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Rwanda Stage 3

Genocide

President Habyarimana’s assassination led Rwanda into 100 days of horrific violence. More than 800,000 Rwandans died.

April 1994 - July 1994


Rwanda

Presidential assassination and retaliation

On 6 April 1994, a plane carrying the Hutu president of Rwanda, Juvénal Habyarimana, and the president of Burundi, Cyprien Ntaryamira, was shot down. This assassination led to an explosion of violence. Rwandan military members and extremist Tutsi and Hutu groups began to kill Tutsis and moderate Hutus. During the next 100 days, an estimated 800,000 Rwandans died.

Rwandan Patriotic Front strikes back

The Rwandan Patriotic Front, led by future Rwandan president, Paul Kagame, launched a major offensive on April 8. Its goal was to end the genocide and rescue its troops in parts of Rwanda. These efforts took time, however, and the widespread killing continued for three months.

A compromised mandate

The duties of Canadian and other UN peacekeepers in Rwanda were extremely challenging. At first, Canada had only two senior officers—Major-General Dallaire and his principal aid Major Brent Beardsley. Once the genocide began, more CAF members became involved.

The limitations they had to work under made the situation even harder. The UN troops’ rules of engagement for UNAMIR were very restricted. Peacekeepers were only allowed to attempt the peaceful resolutions of disputes. This meant soldiers could only fire their weapons in self-defence. As a result, UN forces could not prevent the worst of the horrific violence as the genocide raged around them.

Operation SCOTCH

On April 9, the CAF launched Operation SCOTCH. Its initial mission was to use transport planes to evacuate Canadian, Belgian and other foreigners trapped in Rwanda. They also flew orphans to safety and delivered humanitarian aid to the country.

Canada’s Airlift Control Element personnel supported other UNAMIR operations, as well. Canada began evacuating many foreign peacekeepers when the UN decided the situation in Rwanda was too chaotic to remain. The air mission was extended as UNAMIR continued to need its services. CAF planes defied the dangerous fighting. They brought in needed food, fuel, water and humanitarian supplies. This ongoing link to the outside world was a key symbol of hope in a country that had descended into chaos. By the time Operation SCOTCH wrapped up in October 1994, around 350 CAF members had taken part in it.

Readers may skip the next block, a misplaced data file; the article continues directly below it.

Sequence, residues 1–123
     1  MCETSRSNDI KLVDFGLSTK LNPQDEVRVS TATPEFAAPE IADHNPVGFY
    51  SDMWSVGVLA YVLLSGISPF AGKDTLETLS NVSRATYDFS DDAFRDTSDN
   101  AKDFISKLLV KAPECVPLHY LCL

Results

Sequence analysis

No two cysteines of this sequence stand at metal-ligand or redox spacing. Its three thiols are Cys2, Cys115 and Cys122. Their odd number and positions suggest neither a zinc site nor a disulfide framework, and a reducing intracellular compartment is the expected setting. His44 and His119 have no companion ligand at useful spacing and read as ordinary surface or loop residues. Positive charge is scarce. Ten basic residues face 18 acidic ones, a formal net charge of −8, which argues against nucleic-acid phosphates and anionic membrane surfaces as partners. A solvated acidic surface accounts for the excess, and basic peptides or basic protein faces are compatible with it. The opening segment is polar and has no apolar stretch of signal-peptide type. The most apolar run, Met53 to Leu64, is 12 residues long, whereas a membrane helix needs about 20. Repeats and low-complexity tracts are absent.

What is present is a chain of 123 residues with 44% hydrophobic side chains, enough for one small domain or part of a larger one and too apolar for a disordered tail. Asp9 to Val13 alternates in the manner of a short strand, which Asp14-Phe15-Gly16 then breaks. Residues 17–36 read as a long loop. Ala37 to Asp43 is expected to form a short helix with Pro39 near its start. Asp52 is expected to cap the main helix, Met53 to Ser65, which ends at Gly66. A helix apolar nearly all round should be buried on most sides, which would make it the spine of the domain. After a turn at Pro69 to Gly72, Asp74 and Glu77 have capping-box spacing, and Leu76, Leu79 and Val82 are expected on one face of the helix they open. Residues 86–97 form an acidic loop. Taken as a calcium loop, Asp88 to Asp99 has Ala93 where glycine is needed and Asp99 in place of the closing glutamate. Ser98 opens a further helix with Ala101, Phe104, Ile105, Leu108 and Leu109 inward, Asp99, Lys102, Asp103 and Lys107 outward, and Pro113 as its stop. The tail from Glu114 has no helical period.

The world watches the horror

Media reports from Rwanda in April 1994 allowed the world to see the horrific situation. Television images showed the thousands of dead and countless refugees fleeing the country. The limits of what the UNAMIR peacekeepers could do were frustrating. The UN decision to withdraw many peacekeepers also reduced how they could help. Meanwhile, UN efforts to negotiate an end to the violence failed.

The genocide ends

On 23 May 1994, the Rwandan Patriotic Front took control of the presidential palace in Kigali. By July, the worst of the killing finally came to an end. A ceasefire began and the Rwandan Patriotic Front established a new government in Rwanda. The situation in the country remained uneasy, as violence continued. The deaths of hundreds of thousands of its citizens and the suffering of many refugees left Rwanda in great need of help.


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Lesson plan: 12-18

Humanitarian aid tree

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Peace and Freedom WebQuest

historical sheet

Rwanda

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